Tuesday, January 24, 2012

Research Proposals Methodology Checklist

Earlier this month, I finished work as a teaching assistants for my department's research methods class. I've TAed this for the past 2 years and I love it. There are so many (almost countless) research methods and planning a research project is probably the most fun part of the whole thing.

It's also great to read about what the masters students plan to study and the various dimensions of research possible in the field of Information. I've graded a large number of research proposals now and have been impressed by students' approaches and their research interests. However, even in the best proposals they are often missing key elements.

I put together a checklist of items to include in a research proposal for a guest lecture I did for the class. Some students found it useful, so I thought I'd share it here. Surprisingly, I haven't found a concise checklist like this in research methods texts.

I'm covering the major items that apply to common methods, such as interviews, observation, focus groups, discourse analysis, and surveys.

  • Population - describe the characteristics of the group you will be studying, mention any pertinent demographic (e.g. age, gender, location, occupation) and pyschographics (habits, attitudes, hobbies, opinions) -  if studying texts or artifacts, describe the unifying characteristics
  • Sampling strategy - e.g. census, random, stratified random, or nonprobability sampling such as  convenience, purposive diversity/dissimilar, snowballing, key informant, etc.
  • Sample size - number and if this number is appropriate (or the stoping point, e.g. saturation)
  • Access - how you will get access to this group and permission to study them
  • Recruitment techniques to be used - e.g. posters, web posts, emails, etc.
  • Incentives - if using why is it necessary, how much, and how to be distributed
  • Inclusion and exclusion criteria - conditions to be met to qualify or exempt people or texts from study

Method considerations

  • Format - online, print, email, instant messaging - which one(s) and why
  • Interview guide or questionnaire - how will questions be determined (if appropriate)
  • Questioning style (e.g. structured, semi-structured, conversational for interviews) and question format (i.e. open or closed ended)
  • Probing or follow-ups if used and when (e.g. during or after)
  • Discussion aids - will think-aloud protocol be used, artificts (e.g. diaries, photos) or cultural probes
  • Rapport - how to establish trust, confidence, and ease amongst participants

Session preparation

  • Meeting location details - discuss any pertinent details such as the type of place to be held and why (e.g. convenient for participant, comfortable setting), logistics, arrangement of furniture, noise levels, position of camera, presence of others, etc.
  • If communicating or observing online discuss the technology to be used and any applicable norms or constraints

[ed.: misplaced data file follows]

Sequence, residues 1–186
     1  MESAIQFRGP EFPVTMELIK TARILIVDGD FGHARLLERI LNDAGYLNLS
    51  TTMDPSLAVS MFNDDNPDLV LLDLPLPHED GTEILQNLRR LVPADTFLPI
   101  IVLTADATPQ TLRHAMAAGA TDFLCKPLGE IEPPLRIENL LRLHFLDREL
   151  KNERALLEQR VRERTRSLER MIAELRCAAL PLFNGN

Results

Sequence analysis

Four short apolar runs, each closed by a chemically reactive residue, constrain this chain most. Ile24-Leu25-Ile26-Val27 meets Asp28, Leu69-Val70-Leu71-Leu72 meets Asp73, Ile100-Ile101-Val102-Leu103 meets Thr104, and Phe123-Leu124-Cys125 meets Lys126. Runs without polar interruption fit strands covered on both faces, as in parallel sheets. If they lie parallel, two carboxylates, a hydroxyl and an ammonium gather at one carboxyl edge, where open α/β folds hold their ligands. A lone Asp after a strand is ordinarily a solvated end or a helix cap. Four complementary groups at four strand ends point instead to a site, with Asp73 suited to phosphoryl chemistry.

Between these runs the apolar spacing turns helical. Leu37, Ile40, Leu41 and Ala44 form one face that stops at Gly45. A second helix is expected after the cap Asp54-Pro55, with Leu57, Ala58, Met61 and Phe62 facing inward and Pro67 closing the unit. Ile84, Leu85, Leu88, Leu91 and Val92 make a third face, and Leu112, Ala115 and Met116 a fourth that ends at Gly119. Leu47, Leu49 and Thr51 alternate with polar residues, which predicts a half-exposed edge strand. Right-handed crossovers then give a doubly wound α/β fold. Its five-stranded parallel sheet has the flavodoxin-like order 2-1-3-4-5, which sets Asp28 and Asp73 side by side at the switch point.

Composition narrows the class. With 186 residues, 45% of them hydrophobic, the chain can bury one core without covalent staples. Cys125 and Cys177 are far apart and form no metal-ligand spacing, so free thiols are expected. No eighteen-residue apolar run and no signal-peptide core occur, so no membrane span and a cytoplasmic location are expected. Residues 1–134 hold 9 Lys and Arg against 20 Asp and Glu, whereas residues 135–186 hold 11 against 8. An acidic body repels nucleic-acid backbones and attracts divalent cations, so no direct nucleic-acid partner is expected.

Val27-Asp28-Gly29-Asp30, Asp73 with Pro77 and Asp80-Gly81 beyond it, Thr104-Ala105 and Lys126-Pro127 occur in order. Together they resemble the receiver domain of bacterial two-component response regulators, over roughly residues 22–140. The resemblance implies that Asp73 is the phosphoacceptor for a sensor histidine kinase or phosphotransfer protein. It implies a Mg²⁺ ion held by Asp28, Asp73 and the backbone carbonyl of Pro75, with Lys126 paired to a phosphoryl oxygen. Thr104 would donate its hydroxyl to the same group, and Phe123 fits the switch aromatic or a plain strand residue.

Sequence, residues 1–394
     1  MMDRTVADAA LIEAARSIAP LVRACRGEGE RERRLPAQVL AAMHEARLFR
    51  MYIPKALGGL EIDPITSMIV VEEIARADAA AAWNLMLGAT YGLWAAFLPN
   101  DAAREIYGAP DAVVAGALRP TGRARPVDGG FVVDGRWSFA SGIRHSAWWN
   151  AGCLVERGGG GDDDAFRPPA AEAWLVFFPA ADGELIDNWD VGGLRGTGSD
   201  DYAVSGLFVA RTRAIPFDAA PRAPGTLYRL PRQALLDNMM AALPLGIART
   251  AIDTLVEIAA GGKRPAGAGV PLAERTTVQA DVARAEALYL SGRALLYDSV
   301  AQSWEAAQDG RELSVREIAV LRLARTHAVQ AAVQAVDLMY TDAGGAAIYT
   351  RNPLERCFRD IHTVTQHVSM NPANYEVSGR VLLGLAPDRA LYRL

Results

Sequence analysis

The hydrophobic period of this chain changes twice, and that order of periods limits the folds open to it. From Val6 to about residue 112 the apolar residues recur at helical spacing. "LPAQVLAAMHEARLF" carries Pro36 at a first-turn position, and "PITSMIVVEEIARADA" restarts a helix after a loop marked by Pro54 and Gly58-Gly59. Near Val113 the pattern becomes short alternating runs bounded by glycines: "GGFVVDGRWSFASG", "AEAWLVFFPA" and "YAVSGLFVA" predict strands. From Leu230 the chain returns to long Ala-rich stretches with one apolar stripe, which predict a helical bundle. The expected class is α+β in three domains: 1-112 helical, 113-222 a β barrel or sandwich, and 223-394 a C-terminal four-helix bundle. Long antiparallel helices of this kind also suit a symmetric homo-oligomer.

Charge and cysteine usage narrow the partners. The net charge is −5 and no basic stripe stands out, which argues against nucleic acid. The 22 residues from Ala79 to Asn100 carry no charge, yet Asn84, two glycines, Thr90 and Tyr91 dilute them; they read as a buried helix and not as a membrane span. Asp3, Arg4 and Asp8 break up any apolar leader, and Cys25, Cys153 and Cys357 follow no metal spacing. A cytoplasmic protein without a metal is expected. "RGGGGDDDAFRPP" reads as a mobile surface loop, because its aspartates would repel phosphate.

Data collection

  • Recording of session - audio or video taping, photodocumenting, log files
  • Note-taking - during or after session?
  • Third-party observers or facilitators - whether or not used, relationships to researcher, training provided, and any issues that may result
  • Role of researcher - researcher biases, how will the researcher be involved in and shape data collection and any steps to mitigate or place the researcher (e.g. passive observer or participant observer)

Data analysis

  • Transcription - style to be used (e.g. naturalistic, selective) and whom will do it
  • Approach to data analysis (e.g. grounded theory, statistical tests, etc.)
  • Software - name and describe how used
  • Coding technique used and how codes determined
  • Reliability measures - particularly if more than one person is coding results

Data presentation & dissemination

  • Anticipated findings
  • Presentation formats - e.g. case study, charts, narrative, performance, etc.
  • Outcomes - e.g.recommendations, program evaluation, etc.
  • Dissemination - planned conference presentations, sharing among an applicable association, publication plans, etc.
  • How might the findings be shared other than a traditional paper (if applicable)?
  • Sharing results with participants - e.g. send them the final paper and - will they get permission to edit?, post summary on blog,or participant community (e.g. trade association)
  • Considerations when studying a given group
  • Informed consent - how it will be obtained and special situations (e.g. minors or other who may not be able to provide it)
  • Deception - if used, explain why necessary
  • Harm - plans to avoid any emotional or physical harm to participans, e.g. if sensitive topics raised how will this be handled, referals to specialists, etc.
  • Debriefing plans (if applicable)
  • Anonymity or confidentiality - steps taken in data collection,storage, and presentation to protect participants' privacy

Obviously an entire book, or several, could be written on this topic. This is meant to touch upon the major and common areas. But please let me know if I missed something crucial.

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